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Until now, all my command readers expect the entire command on a single line, so that it may be read with the call scanner.nextLine(). This code here caches the input line and after each Enter attempts to build command(s) from the currently stored lines. If no commands may be built, the previous lines remain in the line list, and the entire program expects more input.

Here is what I have:

import java.util.ArrayList;
import java.util.List;
import java.util.Scanner;

public class CommandLineReader {

    private static final String COMMAND_SEPARATOR = ";";
    private static final String QUIT_COMMAND = "quit";
    private static final String PROMPT = "> ";

    public static void main(String[] args) {
        Scanner scanner = new Scanner(System.in);
        StringBuffer stringBuffer = new StringBuffer();
        List<String> lineList = new ArrayList<>();

        main_loop:
        while (true) {
            System.out.print(PROMPT);
            String inputLine = scanner.nextLine();
            lineList.add(inputLine);
            stringBuffer.delete(0, stringBuffer.length());

            for (String line : lineList) {
                stringBuffer.append(line.trim()).append(' ');
            }

            String bufferContent = stringBuffer.toString().trim();
            String[] bufferCommands = bufferContent.split(COMMAND_SEPARATOR);
            boolean lastCommandTerminated = 
                    bufferContent.endsWith(COMMAND_SEPARATOR);

            if (!lastCommandTerminated && bufferCommands.length < 2) {
                continue;
            }

            if (lastCommandTerminated) {
                for (String bufferCommand : bufferCommands) {
                    String command = bufferCommand.trim();
                    System.out.println(command + COMMAND_SEPARATOR);

                    if (command.equals(QUIT_COMMAND)) {
                        break main_loop;
                    }
                }

                lineList.clear();
            } else {
                for (int i = 0; i < bufferCommands.length - 1; ++i) {
                    String command = bufferCommands[i].trim();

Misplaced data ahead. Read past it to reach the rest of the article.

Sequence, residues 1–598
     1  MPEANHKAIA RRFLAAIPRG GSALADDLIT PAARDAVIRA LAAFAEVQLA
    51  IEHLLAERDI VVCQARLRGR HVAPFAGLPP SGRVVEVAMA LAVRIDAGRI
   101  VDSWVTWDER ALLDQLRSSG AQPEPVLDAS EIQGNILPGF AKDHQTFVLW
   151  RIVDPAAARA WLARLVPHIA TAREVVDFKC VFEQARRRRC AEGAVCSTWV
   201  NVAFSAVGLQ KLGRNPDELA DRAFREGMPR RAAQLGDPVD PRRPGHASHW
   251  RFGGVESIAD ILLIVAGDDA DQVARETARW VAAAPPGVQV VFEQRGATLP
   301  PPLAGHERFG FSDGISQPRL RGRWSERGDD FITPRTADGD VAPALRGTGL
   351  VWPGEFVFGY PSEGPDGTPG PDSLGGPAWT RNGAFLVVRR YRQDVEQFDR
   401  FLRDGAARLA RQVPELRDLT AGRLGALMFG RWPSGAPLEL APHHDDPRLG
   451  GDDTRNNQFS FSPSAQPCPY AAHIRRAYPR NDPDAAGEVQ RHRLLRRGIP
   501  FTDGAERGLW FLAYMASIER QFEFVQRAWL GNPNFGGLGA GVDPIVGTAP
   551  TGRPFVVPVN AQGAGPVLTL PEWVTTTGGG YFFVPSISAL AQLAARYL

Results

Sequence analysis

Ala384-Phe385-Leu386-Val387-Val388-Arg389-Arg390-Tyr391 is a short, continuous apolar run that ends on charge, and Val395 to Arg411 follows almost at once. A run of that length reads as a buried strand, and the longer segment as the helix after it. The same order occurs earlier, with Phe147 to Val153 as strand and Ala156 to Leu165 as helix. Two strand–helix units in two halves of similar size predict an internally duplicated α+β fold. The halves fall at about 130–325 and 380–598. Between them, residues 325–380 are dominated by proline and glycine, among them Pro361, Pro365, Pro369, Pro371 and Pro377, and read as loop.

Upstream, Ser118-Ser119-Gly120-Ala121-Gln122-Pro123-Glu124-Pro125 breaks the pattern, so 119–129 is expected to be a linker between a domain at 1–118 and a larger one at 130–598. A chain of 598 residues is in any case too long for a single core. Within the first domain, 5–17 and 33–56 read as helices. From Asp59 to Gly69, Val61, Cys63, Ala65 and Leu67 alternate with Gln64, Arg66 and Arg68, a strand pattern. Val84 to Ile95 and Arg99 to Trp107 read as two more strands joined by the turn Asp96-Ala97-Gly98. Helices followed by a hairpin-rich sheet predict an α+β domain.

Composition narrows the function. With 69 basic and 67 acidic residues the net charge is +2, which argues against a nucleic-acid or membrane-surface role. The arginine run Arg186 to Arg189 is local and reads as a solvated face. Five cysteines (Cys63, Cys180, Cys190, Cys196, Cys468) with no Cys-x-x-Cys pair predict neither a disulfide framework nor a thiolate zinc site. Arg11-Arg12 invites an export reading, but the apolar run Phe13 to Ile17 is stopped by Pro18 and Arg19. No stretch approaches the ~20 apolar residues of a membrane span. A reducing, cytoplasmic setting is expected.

System.out.println(command + COMMAND_SEPARATOR);

                    if (command.equals(QUIT_COMMAND)) {
                        break main_loop;
                    }
                }

                lineList.clear();
                // Return the last unfinished command:
                lineList.add(bufferCommands[bufferCommands.length - 1]); 
            }
        }

        System.out.println("Bye!");
        scanner.close();
    }
}

A possible session might look like this:


> yargh
> aye
> captain; abc; def; hello
yargh aye captain;
abc;
def;
> world
> ; quit;
hello world;
quit;
Bye!

My primary critique concern is usability: Can it be improved?

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Here are some suggestions for improving the code:

  • Use a StringBuilder instead of a StringBuffer. StringBuilder is equivalent to StringBuffer, with the exception that it is not safe for multithreading, which makes it a bit faster. In your program, no other thread can ever have access to stringBuffer, because it is a local variable and you never pass it to a method or constructor, so you don't need synchronization on it.
  • Declare stringBuffer inside the while loop. It is not needed outside it and reset at the beginning of every loop iteration. So declaring it inside the loop reduces its scope to the smallest extent necessary, which makes the code clearer.